Table of Contents:
Periodic Table – What is it?
The periodic table is considered one of the most important tools in chemistry. It’s a chart that organises all of the elements according to their properties, and it’s been used for over a century by chemists around the globe. It was first developed by Dmitri Mendeleev in 1869 and has been updated over time to reflect new research and discoveries about elements. The periodic table has been around for over 150 years, and is still used in GCSE and A-level chemistry courses to this day. It’s important to mention that A-level and GCSE periodic tables are not that different from the typical periodic table. 🧪
The periodic table is organised by atomic number and chemical properties. It contains all the known elements, including their atomic numbers, atomic mass and electron configurations. Additionally, it shows their chemical properties such as valency, oxidation state and their position in groups or periods.
The periodic table helps you understand how different elements interact with each other, which ones are likely to form compounds together, and how those compounds might behave when you try to make them.
The periodic table presents a list of all known elements arranged in order of their atomic number—from hydrogen, which makes up 90% of atoms, to Oganesson (which has recently been discovered). The atomic number tells you how many protons are in each atom of that element. Protons are positively charged particles that make up an atom’s nucleus, while electrons orbit around the nucleus of an atom.
The Layout of the Periodic Table GCSE
GCSE periodic table’s layout is the same as almost all other periodic tables including A-level periodic table.
What are Groups in GCSE Chemistry?
📌 The elements are arranged in vertical columns known as groups – these groups contain the same types of properties.
📌 The members of each group share a number of common characteristics. The alkali metals in group 1, such as lithium, sodium and potassium are all very reactive.
📌 Elements in a group have the same chemical properties because they all have the same number of electrons in their outermost shell.
📌 Elements in each group of the periodic table have a distinct set of properties and react in similar ways. Each element has its own number of electrons, which determines how it reacts when combined with other elements.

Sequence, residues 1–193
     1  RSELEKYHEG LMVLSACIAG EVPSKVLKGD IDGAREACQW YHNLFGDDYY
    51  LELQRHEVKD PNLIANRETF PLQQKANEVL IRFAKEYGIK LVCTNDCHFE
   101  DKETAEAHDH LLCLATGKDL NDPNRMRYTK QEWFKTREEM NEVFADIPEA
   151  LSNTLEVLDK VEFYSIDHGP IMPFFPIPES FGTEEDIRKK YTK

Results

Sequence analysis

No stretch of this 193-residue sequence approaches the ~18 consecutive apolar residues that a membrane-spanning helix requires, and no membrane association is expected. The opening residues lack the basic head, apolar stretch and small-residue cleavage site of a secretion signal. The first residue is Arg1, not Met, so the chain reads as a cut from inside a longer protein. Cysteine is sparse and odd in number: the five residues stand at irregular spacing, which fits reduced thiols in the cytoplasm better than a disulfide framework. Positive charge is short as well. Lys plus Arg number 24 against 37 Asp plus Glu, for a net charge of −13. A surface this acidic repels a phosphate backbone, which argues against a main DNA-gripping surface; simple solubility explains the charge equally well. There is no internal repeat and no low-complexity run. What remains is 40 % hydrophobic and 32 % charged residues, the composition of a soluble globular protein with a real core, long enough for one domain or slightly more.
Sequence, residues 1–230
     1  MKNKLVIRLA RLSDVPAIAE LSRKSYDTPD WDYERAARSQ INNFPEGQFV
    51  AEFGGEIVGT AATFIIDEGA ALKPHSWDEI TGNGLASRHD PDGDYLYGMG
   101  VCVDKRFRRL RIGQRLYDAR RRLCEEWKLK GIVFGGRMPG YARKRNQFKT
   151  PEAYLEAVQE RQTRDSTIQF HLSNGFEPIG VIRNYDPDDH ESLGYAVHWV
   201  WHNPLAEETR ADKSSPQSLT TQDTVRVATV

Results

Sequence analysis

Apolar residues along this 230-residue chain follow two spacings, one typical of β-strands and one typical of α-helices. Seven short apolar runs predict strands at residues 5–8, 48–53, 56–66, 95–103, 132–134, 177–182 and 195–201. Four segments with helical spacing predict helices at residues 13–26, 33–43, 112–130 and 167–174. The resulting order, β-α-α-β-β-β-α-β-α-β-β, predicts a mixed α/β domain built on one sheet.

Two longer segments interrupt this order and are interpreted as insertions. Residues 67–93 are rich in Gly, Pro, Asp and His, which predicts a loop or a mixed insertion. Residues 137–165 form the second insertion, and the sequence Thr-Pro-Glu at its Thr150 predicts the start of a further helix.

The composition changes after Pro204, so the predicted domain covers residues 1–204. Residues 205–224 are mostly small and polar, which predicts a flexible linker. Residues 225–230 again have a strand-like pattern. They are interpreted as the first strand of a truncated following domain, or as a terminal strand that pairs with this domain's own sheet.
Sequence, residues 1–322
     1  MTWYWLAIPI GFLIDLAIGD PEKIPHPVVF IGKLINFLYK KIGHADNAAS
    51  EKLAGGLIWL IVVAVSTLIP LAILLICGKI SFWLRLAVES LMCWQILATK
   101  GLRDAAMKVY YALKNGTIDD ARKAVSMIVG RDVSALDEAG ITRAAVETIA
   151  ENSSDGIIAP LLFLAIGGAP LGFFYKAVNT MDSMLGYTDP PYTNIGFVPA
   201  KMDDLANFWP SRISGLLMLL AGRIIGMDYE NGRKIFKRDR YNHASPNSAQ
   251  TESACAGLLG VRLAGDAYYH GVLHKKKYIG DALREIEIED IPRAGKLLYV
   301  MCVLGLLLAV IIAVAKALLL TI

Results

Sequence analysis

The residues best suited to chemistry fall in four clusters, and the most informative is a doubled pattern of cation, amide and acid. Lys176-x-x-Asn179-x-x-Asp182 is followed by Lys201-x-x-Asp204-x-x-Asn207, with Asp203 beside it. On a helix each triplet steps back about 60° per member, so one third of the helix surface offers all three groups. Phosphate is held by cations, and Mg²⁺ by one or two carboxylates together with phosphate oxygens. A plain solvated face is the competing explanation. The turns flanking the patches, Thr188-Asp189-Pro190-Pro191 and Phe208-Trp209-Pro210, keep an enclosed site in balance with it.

What are Periods in GCSE Chemistry?
📌 Elements on the periodic table are also arranged in horizontal rows. The table is divided into periods—groups of elements with similar properties—and each period has a number representing its position on the chart, from 1 (the first) to 7 (the last).
📌 Each period in the table contains a certain number of atomic shells. For example, lithium is in period 2 and has two shells.
📌 The group number indicates the number of electrons in the outer shell.
📌 There are horizontal rows known as periods, which tell you the number of electron shells that an element has.
Do You Need to Know the GCSE Periodic Table by Heart?
The short answer is no, you absolutely do NOT need to know the GCSE periodic table by heart.
Even the most professional and experienced Chemists don’t know it by heart. However, you still have to know how to read your GCSE periodic table (or A-level periodic table). You have to be able to understand how the elements in one group or period relate to each other and what characteristics they have in common. Also, you have to know which part of the periodic table contains elements such as noble gases, nonmetals, transition metals or halogens.
The best way to remember those kinds of things is to use the periodic table regularly. You can also use online websites such as Ptable.
Is The Periodic Table allowed on the GCSE Chemistry Exam?
Well, you can’t take your own – BUT, worry not! They will give you a fresh copy when you get to the exam! 📃
Fun Facts About Chemistry
Now that the explanation is out of the way, here are some fun facts about chemistry:
💡 Hot water freezes faster than cold water! – this is called the Mpemba effect.
💡 If you pour a handful of salt into a full glass of water, the water level will actually go down.
💡 If you mix half a litre of alcohol and half a litre of water, the total volume of the liquid will not be equal to one litre. It will be less!
💡 The only letter not appearing on the periodic table is J.
💡 Birds are immune to the burning sensation of hot peppers. Pepper gets this heat from a molecule called Capsaicin and whilst it’s irritant to humans, birds are immune to it!
💡 It’s possible to die from drinking too much water.
💡 Glass is actually a liquid which flows very very slow one…
💡 DNA is a flame retardant.
💡 Even if water and air are the same temperatures, water will still feel colder.
💡 A car tire is one large molecule.
To Sum Up
GCSE Chemistry is one of the toughest GCSE courses and many students struggle to achieve their desired score. There are lots of complex problems to understand and even more to remember by heart. This is why students usually dread Chemistry, especially if they know they need to study it all on their own.
However, studying chemistry does not have to be that difficult at all. It can be much more enjoyable if you’re receiving support from a GCSE chemistry tutor who has been in your shoes and succeeded. On the positive side, GCSE chemistry gives you the opportunity to have a rewarding and high-paid career path and you may well become the next well-known chemist! Scientists around the world are looking to invent the 119th element and who knows, it may well be you!
Most importantly, don’t stress and remember, there’s always a smarter way out! 💪